|May 7th, 2011|
Modern Urban Contra (MUC) is a sometimes derogatory name for the kind of dance I've done most. Generally less than 5% or so of the dancers haven't danced before, but nearly everyone learned by coming in with no experience at some point. These dances are usually weekly, and sometimes an area has multiple weekly dances. The callers and band generally have day jobs, usually ones unrelated to music and dance. Music is live, callers drop out. Booking ahead is common. Many dancers move between dance communities and dancers from different areas see each other at festivals. Nearly all dances are equal turn duple minors and include a partner swing. Few chestnuts. Squares are looked down on. Whole set dances are *really* looked down on.
Modern Rural Contra (MUR) is a name I just made up. These are dances like MUC ones, but in areas with only enough dancers to support a monthly dance or so. These dance communities are generally smaller, often have a house band or caller, and the dancer's level of experience is usually lower. The number of newcomers is often higher and is very variable. Partner swings are not always required in each dance. Some of these places, especially in NH and VT, dance a lot of chestnuts. Occasionally whole set dances. Squares are more common, partly as a way to deal with very small turnouts. Almost always live music.
Schools sometimes bring in a callers to run dances and teach kids about "their traditional folk dance". Some work with live music, others with recorded. A few people make a living calling traditional dances at schools, but this has become harder recently, possibly because of No Child Left Behind and an increased focus on test performance. At these events callers generally choose to do a very wide variety of formations and styles, including whole set dances. The kids have generally not danced before.
Parties, including weddings, birthday parties, etc, often gather a lot of people who've never danced before. Dances are simple, callers need to be very good, and meeting the desires of a range of stake-holders is tricky. Especially with something like a wedding of MUC dancers who have a lot of non-dancing guests (balancing desires of the couple and their dance friends for a MUC style dance with 'real' contra dances against what will be fun for their other guests. Some callers make a living calling parties. Callers generally don't drop out.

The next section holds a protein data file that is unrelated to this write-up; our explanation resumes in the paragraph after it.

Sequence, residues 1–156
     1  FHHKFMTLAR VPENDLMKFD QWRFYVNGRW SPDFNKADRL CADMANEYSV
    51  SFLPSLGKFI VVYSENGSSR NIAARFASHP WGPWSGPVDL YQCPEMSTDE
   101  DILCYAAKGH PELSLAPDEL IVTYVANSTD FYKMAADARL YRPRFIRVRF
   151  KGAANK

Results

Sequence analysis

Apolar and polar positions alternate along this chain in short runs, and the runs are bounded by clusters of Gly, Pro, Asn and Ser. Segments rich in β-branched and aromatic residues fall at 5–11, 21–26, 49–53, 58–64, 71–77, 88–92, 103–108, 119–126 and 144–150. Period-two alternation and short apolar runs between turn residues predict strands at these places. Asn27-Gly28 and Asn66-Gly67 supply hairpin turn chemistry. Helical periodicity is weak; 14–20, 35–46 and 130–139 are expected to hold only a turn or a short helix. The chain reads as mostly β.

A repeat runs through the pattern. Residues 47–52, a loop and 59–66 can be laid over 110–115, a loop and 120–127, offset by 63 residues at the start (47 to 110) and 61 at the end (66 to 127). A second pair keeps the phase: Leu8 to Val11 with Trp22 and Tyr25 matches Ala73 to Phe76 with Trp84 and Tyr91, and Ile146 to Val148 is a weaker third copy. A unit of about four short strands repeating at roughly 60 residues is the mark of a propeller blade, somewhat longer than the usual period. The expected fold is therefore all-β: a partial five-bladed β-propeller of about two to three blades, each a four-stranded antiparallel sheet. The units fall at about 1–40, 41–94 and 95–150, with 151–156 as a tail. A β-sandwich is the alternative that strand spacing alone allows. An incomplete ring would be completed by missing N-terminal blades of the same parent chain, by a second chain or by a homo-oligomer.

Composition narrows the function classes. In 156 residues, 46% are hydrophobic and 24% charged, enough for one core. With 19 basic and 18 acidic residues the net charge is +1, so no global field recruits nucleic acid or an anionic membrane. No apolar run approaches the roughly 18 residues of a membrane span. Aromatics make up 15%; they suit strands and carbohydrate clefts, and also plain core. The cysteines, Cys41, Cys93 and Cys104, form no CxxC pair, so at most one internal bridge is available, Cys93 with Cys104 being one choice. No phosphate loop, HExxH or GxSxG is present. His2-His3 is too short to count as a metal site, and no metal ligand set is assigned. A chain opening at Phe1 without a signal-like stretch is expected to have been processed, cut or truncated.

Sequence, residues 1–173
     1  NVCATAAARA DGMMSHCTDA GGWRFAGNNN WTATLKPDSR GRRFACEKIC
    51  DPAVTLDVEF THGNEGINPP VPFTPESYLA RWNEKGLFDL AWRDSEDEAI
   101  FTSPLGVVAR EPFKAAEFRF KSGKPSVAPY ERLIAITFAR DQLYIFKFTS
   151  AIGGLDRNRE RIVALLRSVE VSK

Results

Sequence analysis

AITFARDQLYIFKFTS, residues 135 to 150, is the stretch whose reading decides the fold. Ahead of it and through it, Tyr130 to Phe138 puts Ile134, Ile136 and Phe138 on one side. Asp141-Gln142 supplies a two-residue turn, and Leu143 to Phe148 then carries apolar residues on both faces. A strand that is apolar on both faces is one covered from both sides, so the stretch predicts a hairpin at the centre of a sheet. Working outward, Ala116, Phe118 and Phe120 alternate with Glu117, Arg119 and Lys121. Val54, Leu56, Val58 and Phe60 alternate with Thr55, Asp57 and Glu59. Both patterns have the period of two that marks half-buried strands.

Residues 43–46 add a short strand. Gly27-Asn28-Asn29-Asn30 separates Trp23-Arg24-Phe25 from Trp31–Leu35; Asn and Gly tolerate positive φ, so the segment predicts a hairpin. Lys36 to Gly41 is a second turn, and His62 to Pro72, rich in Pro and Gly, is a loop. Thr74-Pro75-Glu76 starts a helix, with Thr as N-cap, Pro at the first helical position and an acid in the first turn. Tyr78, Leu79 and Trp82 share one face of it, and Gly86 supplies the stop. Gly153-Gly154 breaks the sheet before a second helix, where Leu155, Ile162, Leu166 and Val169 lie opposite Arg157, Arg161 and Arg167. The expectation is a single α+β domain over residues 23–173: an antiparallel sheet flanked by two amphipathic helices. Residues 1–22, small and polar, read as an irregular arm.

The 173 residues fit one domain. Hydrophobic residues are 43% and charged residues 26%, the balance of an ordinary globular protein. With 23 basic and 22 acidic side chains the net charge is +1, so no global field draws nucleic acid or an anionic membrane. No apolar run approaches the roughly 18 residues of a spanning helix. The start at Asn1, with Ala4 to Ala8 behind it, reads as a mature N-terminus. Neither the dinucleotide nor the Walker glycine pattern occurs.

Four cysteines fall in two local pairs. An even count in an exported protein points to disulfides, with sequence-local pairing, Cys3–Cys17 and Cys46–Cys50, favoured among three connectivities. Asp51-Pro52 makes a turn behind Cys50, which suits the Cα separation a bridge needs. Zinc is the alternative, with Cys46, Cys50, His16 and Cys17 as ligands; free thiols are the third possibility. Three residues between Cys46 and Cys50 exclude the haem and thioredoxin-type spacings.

Junkets or house parties, where people get together to jam and some people dance. Traditionally part of our folk culture, but now pretty much restricted to parties attended by MUC musicians and callers. Squares are more common due to space constraints, which can require MUC dancers to overcome their dislike. Generally there's no amplification and the callers and musicians are unpaid.
Simple Outdoor Dances, where people dance outdoors in a public space. Some dance groups use these for recruiting. These are usually free because of logistical constraints, though sometimes the performers are paid by a dance organization or grant. There may or may not be amplification. Dances can range from party-style to MUC style.
For Profit Regular Dances are uncommon now, but at one point were as common as the MUC and MUR dances. Often organized by a caller, these were generally popular enough that everyone involved in performing could make a living at it. Recorded music and changing tastes mostly killed these off in the sixties.
There are other ways to structure a dance community, these are just the ones I can recall seeing recently. The main reason I'm thinking about these is a conversation I had at the bida board retreat back in october about money and contra dance. We were mostly thinking about MUC style dances, as that's pretty much what bida runs. One of the people I was talking to believes that it would be good for contra dances to pay their performers well enough that people can afford to make a living. Most professional musicians are paid several hundred dollars a night, while most musicians playing for a MUC dance get much less. They were saying that it makes no sense that contra dance compensation has barely increased since the 70s despite inflation, and that if one tours one often loses money. Contra dancers are used to paying $5-$9 for a night of dancing to live music and a caller, while swing dancers might pay $15 for a night with recorded music and more for live music.
At the time I had the opposite view: musicians and callers in theory deserve to be paid no more than dancers deserve to be paid. The divide in the community between performers and dancers is harmful. Dancers should call or play, and performers should dance. Many more people should learn to run sound and organize dances. My ideal dance is one where everyone who wants to play plays, everyone who wants to call calls, and people move between the stage and the floor. The davis square dances I help organize are an attempt at this. Part of my learning how to call, play, organize, and run sound is wanting to be able to facilitate this sort of thing by doing whatever is needed. Most people involved in MUC are so because they enjoy it, and I don't think distinguishing between a really good dancer and a really good musician is helpful in that context.
Over time my perspective has expanded some. I still think that the previous paragraph applies to MUC, but I now better see the need for the performer/dancer divide in other contexts. It takes longer to become an adequate caller or musician than to become an adequate dancer. So any kind of event where the performer(s) are coming in to a school or something full of people who've never done anything with contra dance before is going to require a divide.
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